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North Atlantic summer storm tracks over Europe dominated by internal variability over the past millennium


Certain large, sustained anomalies in European temperatures in the past millennium are probably the result of internal variation. Such internal variations can modulate regional temperatures away from the expected response to greenhouse gas forcing. Here we assess the causes of European summer temperature variability over the past millennium using temperature observations, simulations and reconstructions. We find multidecadal-mean summer temperatures have varied within a span of 1 K, largely controlled by external forcing. By contrast, we find subcontinental variations, described by the temperature contrast between northern and southern Europe (the meridional temperature gradient), vary with a span of 2 K, and are controlled by internal processes. These variations are the result of redistributions of precipitation and cloud cover linked to oscillations in the position of the summer storm track. In contrast to recent twentieth-century winter-time trends, variations of the summer storm track over the past millennium show a weak response to external forcing, and instead are dominated by stochastic internal variability. We argue that the response of European summer temperatures to anthropogenic greenhouse forcing is likely to be spatially modulated by the same stochastic internal processes that have caused periods of cool, wet summers in northern Europe over the last millennium.

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Figure 1: Spatiotemporal structure of simulated (MPI-ESM-P, AD 850–2005) and proxy mean continental and meridional temperature gradients (meridional gradient of European JJA near-surface temperature).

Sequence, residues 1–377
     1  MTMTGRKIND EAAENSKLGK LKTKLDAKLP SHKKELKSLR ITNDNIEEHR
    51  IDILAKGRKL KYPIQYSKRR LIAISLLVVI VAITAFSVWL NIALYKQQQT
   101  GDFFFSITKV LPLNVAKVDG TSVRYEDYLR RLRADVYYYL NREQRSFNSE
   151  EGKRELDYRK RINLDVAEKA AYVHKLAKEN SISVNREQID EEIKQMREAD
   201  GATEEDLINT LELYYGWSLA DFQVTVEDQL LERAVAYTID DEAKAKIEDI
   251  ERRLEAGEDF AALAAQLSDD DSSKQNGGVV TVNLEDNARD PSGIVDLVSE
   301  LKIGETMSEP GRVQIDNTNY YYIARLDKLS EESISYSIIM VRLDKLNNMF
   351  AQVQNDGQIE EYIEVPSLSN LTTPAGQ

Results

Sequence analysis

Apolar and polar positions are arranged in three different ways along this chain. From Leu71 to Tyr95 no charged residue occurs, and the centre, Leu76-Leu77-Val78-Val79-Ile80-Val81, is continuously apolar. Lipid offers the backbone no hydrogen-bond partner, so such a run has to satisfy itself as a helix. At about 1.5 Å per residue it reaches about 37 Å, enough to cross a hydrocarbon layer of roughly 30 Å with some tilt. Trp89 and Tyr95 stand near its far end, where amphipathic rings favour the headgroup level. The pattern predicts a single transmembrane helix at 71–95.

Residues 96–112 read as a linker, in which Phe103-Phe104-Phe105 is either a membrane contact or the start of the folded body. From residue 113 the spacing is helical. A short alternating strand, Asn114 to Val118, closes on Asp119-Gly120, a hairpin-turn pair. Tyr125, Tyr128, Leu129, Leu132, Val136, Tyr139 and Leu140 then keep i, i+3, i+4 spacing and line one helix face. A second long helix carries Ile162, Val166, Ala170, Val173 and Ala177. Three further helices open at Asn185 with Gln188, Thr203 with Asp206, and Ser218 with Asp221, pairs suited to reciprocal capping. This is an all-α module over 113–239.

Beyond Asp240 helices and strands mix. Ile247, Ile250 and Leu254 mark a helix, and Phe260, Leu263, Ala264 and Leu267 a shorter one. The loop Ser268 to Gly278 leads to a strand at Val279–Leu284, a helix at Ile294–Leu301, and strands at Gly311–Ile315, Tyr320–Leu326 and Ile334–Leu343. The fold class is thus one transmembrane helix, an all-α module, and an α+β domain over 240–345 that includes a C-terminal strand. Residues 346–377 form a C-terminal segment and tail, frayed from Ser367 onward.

Figure 2: Spatiotemporal structure of the European summer (JJA) near-surface temperature meridional gradient from observational data.
Figure 3: Climate patterns linked to simulated summer (JJA) MTG (MPI-ESM-P, AD 850-2005).


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M.H.G., D.M., G.H.F.Y. and I.R. were supported by European Union FP6 project Millennium 017008 and the Climate Change Consortium of Wales C3W. The work of E.Z. and M.Z. is part of the German Cluster of Excellence CLISAP. M.H.G., D.M. and E.Z. were supported by the PAGES initiative (EuroMed2k), which in turn received support from the US and Swiss National Science Foundations, US National Oceanographic and Atmospheric Administration and the International Geosphere-Biosphere Programme. T. D. James is thanked for support with figures.

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M.H.G.: project planning and design, data analysis, manuscript preparation. E.Z.: data analysis and manuscript preparation. D.M.: project planning and design, data analysis, manuscript preparation. M.Z.: data analysis, manuscript preparation. G.H.F.Y.: project planning, data analysis, manuscript preparation. I.R.: project planning, data analysis, manuscript preparation.

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Correspondence to Mary H. Gagen.

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The authors declare no competing financial interests.

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Gagen, M., Zorita, E., McCarroll, D. et al. North Atlantic summer storm tracks over Europe dominated by internal variability over the past millennium. Nature Geosci 9, 630–635 (2016).

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